However, if you have two people, you get two streams. You have to mix the two together prior to sending to the speaker.

Mixing becomes non-trivial pretty quickly. Aside from the fact that mixing digital audio is just plain hard in the first place, you also have to do it in real-time, accounting for missing or incorrectly ordered packets, in python (which isn’t the fastest or best language for bit-level manipulation on the block).

After a lot of experimentation, I ended up at a not-very-robust but workable answer:

  1. Use Numpy for speed of integer addition - base python couldn’t get it done fast enough.
  2. Maintain a “buffer” of the current 20ms audio that is soon to be sent to the speaker.
  3. Receive each packet from all streams (all tagged with the sending user).
  4. Check if the buffer already has an audio packet from that user.
  5. If so, send the buffer to the speaker, zero it out, and then add the packet to the buffer
  6. Otherwise, just add the packet to the buffer.
  7. Record that the packet has data from that speaker.
  8. Wait for the next packet and repeat.

This has a number of limitations - it will clip very easily if everyone screams at the same time. It will also not account for out-of-order or missing packets very well. It assumes users are sending data in a synchronized fashion.

For general use-cases, I really wouldn’t recommend doing this. However, for our “good enough for a $15 project” use case, it’s been getting us by so far. The implementation can all be seen in the SpeakerAudioSink class.

Interacting with a Human Interface Device

Using python-sounddevice provided a good way to access the audio portion of our Revolabs FLX 1500, but didn’t cover how the buttons on the top worked. I’d initially intended to just use a small touchscreen or physical buttons to do the call/hangup operation. However, given that there were already some buttons on the device we were using, I figured, “how hard could it be to get these to work?” Ha.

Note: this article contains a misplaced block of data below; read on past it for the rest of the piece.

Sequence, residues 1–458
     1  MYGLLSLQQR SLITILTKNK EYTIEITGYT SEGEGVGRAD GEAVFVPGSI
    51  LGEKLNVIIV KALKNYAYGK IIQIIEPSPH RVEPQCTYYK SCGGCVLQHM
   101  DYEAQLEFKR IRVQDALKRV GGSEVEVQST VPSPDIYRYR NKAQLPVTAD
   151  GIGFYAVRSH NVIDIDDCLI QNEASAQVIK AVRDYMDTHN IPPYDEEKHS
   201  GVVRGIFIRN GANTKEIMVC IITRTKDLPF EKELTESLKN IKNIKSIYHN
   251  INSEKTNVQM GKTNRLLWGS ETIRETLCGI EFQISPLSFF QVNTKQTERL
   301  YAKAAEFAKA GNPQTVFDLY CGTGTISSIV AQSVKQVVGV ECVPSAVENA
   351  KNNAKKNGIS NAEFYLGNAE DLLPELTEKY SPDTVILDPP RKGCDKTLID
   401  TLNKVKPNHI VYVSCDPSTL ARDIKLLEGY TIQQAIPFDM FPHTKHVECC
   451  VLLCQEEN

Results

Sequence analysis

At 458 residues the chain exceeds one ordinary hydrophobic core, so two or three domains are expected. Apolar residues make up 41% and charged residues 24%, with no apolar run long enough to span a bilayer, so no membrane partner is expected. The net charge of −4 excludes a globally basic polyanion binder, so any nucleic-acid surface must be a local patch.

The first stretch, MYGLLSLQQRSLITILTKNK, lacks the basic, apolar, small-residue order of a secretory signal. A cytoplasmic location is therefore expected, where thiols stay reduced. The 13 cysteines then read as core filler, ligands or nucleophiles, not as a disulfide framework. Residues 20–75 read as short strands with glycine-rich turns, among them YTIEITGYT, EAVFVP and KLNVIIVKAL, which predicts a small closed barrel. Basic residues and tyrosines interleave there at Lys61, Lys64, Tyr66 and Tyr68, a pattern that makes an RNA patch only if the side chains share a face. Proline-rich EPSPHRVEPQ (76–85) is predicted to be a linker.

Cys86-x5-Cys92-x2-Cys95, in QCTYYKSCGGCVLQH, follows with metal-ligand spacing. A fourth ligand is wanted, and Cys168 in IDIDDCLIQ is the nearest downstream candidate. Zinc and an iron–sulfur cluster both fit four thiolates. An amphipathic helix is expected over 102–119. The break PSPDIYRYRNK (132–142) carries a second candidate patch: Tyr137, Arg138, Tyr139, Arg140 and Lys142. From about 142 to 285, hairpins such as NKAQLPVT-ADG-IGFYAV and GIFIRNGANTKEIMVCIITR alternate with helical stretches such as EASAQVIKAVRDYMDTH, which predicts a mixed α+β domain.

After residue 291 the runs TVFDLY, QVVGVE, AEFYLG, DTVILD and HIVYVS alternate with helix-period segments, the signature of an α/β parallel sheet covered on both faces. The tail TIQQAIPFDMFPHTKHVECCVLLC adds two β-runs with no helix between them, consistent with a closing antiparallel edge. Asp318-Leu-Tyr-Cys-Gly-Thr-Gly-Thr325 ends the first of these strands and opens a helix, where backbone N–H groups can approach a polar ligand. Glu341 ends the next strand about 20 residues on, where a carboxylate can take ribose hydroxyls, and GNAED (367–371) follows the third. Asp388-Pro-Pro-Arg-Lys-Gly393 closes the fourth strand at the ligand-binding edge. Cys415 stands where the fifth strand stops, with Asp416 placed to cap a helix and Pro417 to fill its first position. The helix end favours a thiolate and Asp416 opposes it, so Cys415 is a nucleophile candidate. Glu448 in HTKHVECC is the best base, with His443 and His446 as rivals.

I didn’t know the first thing about HID devices, other than that they existed. I had to learn a bunch along the way. What follows is an under-educated conglomeration of research over a fast day of experimentation and debugging.

Every USB device you plug into your computer has to tell the computer what it’s capable of. Especially if it’s not just a mouse or a keyboard, there are a ton of protocols around how the device tells the computer what it is and what it can do. In the attempt to make things as… universal… as possible, a ton of device capabilities are pre-defined. This flexibility comes at a cost - implementing software to properly handle any and all of these inputs is difficult, to say the least.

Dumping the device’s capabilities using Linux utilities revealed a handful of interesting things. For one, the volume and mute buttons were mapped to the standard HID device definitions, which was good. Three out of the five buttons were trivial.

The device reported to also have some ability to control the LED’s, as well as read and set the “hook switch”, which I can only presume maps to the switch on phones which you used to have to physically hang back up on a wall when you were done using them. From what I understand, “flash switch” was also a basic way to tap this switch once, ending the current call and prepping for the next one.